Among the biggest alibis given by Dutertenomics as to why we need new or higher taxes is the fact that the government needs more money to bankroll “build-build-build” hybrid PPP (public private partnerships) plans. Then warnings were issued by both government and its nongovernment allies that “no new taxes, no build-build-build.” For me, this is blackmail and should not easily be accepted by the public. Here are my three reasons.
One, there have been many past PPP projects in operation and current PPP projects under construction that did not necessitate large-scale new taxes or tax hikes (see table).
Two, an integrated PPP (construction then operation and maintenance (O&M) under one private entity or consortium) will accomplish the task at little financial exposure and burden for the government and taxpayers. And there would be no or little need for many of these taxes. But Dutertenomics is inclined to favor hybrid PPP (construction is government via foreign loans/ODA and/or annual budget/GAA, O&M is private) for some unholy reasons like implicitly favoring China loans, China contractors, and banks. Or using administration cronies as contractors in exchange for big favors.
Compare the motive of an administration with only six years in office (only 4+ years in the case of the current regime) vs. big local companies which have been around for the past 30, 50, or 100+ years and intend to be here for the next 50, 100+ years. The former has the tendency to amass wealth quick and worry about political scandals later. The latter would try to avoid political and business scandals as they have corporate brands to protect and will bank on those brands for many decades to come here and abroad.
Three, more integrated PPP portfolio for big local firms and consortia means wider experience and more confidence in the field, bigger business opportunities to join PPP projects in our neighbors in the ASEAN and beyond. Philippine-based construction and infrastructure consortia will soon become big multinationals and players in the region and the world.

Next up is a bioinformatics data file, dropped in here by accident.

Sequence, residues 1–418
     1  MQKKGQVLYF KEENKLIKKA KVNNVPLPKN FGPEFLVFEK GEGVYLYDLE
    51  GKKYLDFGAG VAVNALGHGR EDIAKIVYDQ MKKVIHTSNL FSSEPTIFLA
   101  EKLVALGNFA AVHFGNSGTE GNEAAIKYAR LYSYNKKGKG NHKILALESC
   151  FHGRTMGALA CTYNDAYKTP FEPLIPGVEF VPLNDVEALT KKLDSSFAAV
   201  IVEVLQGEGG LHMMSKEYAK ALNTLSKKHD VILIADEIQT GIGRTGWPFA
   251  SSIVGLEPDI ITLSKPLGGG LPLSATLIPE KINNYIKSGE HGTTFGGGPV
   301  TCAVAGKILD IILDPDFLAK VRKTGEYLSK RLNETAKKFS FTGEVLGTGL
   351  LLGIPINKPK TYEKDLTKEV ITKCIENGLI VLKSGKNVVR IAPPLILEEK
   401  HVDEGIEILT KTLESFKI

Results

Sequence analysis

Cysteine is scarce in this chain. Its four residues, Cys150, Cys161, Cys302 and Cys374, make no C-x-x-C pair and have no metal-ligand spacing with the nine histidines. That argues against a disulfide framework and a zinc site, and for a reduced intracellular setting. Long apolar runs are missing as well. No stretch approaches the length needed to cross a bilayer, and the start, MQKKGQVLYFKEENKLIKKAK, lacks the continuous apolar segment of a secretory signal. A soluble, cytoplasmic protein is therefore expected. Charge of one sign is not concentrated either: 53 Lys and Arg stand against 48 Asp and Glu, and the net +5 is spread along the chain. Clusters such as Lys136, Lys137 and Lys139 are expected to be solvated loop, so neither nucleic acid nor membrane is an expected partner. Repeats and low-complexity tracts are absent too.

Reducing the country’s personal income tax (PIT) rate should be a social goal and a public service in itself. Earning P500,000 (little less than $10,000) or higher per year and be slapped with 32% income tax is very confiscatory and immediately qualifies the government as creator of poverty. This has been going on for many years now and should be changed asap — without raising or creating new taxes somewhere.
In Singapore, the 22% top PIT applies only for incomes of $240,000/year or higher. In Malaysia, the 28% top PIT also applies for incomes of $240,000/year or higher. The Philippines should have top PIT of 28% or lower and apply at $100,000 or higher.
Nonetheless, Dutertenomics’ TRAIN will be passed very soon because (1) Congress and Malacañang act like one-party state with no serious significant opposition or fiscalizer, and (2) dishonesty and even some blackmail were effectively used to make the public accept tax hikes. In short, coercion and deception were put to use.
After the current package of TRAIN, there will be TRAIN 2 to be introduced next year. The current administration will have been emboldened enough to create new taxes or raise existing ones anytime it wants to because Congress coercion and public deception are going well.
A government that intervenes the least, that taxes the least, is conducive to more growth, more job creation, more production of goods and services, and less inflation, less state dependence. We will hardly see that under the current administration.
Bienvenido S. Oplas, Jr. is the President of Minimal Government Thinkers and an ADRi Fellow.